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Author Topic: Backup HD's  (Read 14095 times)

ckimmerle

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« on: May 05, 2007, 07:50:40 PM »

I've been going back and forth on this, but am wondering if anyone can tell me the pros and cons of the two main ways to backup disks:

1. Duplication of a volume (exact copy of folders and files)
2. Proprietary backup sets (Retrospect, WD, etc)

I like the idea of duplicating volumes because I can then see the files and folders in their original structure, but that leaves them open to viruses that target image files. The backup sets are better protected and easier to incrementally update, but a bit unwieldy when trying to access individual archived files.

Anyone have any thoughts?

Chuck
« Last Edit: May 05, 2007, 07:51:24 PM by ckimmerle »
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Recked

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« Reply #1 on: May 07, 2007, 11:49:30 AM »

Hi,

Not sure if this will help, but for the time being I am using ViceVersa Pro and mirroring my local Lightroom library and all other shot/scanned image files to both my Windows 2003 server and also a backup Infrant ReadyNas NV. So I have all my image files in three places and also my keeper Raw files and their adjusted final files are then written to gold dvd's. (Exhausting!!!!!   )

Compression is the main reason to use backup software and also the ability to verify the data written though ViceVersa does have a "Compare" function which generates a report showing any discrepancies, files sizes etc.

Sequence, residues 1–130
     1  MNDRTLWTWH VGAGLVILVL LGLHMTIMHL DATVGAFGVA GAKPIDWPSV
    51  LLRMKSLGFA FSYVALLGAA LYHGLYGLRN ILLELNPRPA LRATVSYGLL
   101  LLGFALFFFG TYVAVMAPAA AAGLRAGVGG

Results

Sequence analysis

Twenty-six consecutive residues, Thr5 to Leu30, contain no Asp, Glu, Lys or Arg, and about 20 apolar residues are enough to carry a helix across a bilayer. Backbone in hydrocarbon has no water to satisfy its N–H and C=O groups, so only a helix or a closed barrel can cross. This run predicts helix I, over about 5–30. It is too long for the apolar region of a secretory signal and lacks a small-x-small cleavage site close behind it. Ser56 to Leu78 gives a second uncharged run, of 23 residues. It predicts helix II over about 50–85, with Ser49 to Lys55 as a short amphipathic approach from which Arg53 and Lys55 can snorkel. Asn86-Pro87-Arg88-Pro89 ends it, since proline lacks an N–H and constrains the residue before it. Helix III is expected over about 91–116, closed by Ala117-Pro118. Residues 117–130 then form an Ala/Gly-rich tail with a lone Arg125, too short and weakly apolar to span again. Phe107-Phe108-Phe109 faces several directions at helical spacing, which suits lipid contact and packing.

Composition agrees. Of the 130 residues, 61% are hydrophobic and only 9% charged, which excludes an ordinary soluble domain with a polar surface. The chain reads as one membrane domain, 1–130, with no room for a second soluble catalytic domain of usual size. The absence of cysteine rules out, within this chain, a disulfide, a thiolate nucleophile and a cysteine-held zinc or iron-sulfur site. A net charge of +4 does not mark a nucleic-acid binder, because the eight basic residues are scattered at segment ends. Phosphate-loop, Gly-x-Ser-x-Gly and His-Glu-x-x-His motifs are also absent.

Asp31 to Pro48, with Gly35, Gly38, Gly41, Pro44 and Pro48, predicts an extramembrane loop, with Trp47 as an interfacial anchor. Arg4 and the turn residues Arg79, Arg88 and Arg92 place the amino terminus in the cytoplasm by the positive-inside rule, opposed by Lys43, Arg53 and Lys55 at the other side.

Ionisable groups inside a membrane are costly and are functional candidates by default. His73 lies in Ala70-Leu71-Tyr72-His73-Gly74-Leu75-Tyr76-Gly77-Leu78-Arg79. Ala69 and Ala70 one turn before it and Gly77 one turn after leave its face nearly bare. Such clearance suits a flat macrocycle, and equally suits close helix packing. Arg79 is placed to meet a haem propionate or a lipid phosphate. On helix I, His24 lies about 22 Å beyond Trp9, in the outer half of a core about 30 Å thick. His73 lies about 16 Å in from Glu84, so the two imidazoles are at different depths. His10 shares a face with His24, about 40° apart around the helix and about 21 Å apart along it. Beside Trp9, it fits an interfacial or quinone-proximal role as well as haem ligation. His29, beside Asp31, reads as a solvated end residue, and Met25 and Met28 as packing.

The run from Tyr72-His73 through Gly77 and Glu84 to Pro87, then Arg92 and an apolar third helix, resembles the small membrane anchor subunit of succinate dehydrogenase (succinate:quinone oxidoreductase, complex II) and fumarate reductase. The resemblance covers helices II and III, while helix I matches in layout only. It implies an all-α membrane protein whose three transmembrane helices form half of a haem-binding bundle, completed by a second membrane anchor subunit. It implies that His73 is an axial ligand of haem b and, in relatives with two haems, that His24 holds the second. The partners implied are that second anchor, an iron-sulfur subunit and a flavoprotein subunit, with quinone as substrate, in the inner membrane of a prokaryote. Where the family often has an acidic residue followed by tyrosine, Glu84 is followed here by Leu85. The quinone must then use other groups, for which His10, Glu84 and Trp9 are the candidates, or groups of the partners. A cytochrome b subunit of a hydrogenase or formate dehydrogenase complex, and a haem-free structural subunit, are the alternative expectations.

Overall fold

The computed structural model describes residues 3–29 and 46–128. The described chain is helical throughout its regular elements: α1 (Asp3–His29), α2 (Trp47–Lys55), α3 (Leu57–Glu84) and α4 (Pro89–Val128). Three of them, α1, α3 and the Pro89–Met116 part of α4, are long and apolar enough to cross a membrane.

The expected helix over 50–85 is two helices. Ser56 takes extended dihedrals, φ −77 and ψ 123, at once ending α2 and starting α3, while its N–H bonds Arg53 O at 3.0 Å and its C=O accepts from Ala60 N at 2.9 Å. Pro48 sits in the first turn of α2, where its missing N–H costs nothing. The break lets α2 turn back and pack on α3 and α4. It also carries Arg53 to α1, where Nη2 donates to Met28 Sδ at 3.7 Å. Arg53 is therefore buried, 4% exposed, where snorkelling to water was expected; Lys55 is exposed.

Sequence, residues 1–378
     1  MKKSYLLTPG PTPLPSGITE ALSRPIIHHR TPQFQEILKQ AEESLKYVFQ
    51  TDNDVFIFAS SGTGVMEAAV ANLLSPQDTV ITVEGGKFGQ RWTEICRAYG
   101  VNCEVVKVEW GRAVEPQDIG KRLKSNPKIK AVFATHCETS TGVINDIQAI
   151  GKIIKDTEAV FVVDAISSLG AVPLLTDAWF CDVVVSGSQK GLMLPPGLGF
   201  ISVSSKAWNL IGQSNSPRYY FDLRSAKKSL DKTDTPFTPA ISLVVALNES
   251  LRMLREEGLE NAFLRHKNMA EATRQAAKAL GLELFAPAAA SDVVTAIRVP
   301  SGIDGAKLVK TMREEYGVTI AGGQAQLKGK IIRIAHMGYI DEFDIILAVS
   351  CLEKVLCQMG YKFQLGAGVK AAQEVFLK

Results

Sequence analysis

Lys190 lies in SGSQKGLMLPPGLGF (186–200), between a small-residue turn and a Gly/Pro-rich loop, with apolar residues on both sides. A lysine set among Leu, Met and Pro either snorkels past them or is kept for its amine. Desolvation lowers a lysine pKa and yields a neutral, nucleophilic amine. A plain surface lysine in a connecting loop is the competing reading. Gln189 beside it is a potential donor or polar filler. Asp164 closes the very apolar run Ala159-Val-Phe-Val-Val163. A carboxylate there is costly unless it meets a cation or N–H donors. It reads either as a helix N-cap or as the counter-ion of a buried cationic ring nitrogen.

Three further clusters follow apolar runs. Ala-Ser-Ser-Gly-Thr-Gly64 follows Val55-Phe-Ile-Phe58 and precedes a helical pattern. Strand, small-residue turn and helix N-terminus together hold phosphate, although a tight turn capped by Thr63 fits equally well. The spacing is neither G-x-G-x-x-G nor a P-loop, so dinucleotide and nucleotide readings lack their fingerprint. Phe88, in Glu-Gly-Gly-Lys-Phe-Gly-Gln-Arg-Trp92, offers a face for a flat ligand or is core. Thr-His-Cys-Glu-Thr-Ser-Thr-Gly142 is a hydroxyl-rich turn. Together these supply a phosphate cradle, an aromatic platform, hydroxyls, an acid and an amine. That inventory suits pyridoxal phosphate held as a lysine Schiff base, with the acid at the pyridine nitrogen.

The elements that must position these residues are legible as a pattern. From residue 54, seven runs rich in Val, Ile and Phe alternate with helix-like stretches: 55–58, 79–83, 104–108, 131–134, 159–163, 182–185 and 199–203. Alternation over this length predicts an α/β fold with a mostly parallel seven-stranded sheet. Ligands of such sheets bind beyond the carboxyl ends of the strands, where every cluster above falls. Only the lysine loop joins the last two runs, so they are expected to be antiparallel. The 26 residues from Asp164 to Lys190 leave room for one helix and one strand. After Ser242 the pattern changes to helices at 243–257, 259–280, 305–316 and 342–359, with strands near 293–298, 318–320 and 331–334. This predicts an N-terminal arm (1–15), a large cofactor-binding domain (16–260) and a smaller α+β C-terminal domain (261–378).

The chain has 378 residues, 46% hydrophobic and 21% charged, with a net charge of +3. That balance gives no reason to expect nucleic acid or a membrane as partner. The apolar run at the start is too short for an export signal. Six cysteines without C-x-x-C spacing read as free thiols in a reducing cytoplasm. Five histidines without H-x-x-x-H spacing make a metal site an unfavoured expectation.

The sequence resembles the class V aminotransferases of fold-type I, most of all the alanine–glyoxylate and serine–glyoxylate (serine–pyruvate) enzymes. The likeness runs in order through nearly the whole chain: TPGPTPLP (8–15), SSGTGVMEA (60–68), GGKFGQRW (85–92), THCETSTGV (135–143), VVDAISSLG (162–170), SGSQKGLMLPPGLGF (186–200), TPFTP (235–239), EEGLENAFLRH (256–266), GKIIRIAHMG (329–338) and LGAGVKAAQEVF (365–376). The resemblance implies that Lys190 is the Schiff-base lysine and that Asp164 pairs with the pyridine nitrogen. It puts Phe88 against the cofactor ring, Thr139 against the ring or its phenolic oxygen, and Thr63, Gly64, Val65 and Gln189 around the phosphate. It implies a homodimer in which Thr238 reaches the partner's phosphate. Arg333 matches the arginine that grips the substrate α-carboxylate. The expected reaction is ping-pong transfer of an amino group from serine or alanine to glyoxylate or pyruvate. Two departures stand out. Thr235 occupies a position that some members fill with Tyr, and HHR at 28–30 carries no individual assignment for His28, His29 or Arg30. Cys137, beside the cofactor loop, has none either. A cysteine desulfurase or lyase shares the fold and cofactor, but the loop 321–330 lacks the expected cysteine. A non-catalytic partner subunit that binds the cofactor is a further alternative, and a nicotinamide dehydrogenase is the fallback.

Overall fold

I, like you, prefer to see the data and not have to do a restore to ensure what I backed up is really there.

Good luck!
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RicAgu

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« Reply #2 on: May 15, 2007, 12:27:47 PM »

If you are on a Mac I would seriously consider using Softraid.  

www.softraid.com

Amazing product and spectacular support.
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nicolaasdb

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« Reply #3 on: May 19, 2007, 01:07:26 AM »

I am still very confused about the whole storage part.....I am working of off 6 2TB 800 firewire LaCie external HD's, but actually only 3 because the other 3 are backup drives.

I have been looking into raid drives but they are way more expensive and you get less GB's.....

Untill there is a better cheaper solution, I guess this is the only way to work.
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PatrikR

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« Reply #4 on: May 20, 2007, 02:38:01 PM »

I've been considering getting a RocketRAID PCI card (HighPoint RocketRAID 2220) for my old G5 Mac and installing five 1TB Sata II drives to it and run it in RAID 5 mode, giving me 4 TB of real protected storage. RocketRAID supports up to 8 Sata II drives, but I don't think I can install more than 5 drives inside my Mac G5.

I also plan to throw the SuperDrive (internal CD/DVD drive) away and install an IDE HD instead and run the system software from that disk.

I think, not sure yet, that this would be the best "budget" solution, that would provide big storage and reasonable speed over a gigabit ethernet for less than 2000 euros. The Gigabit ethernet works very well between my macs and provides speeds that are fast enough for storage needs. I tried several of the NAS solutions and all were very very slow and seemed of poor quality. Atleast such quality that I wouldn't want to trust my files to hose devices.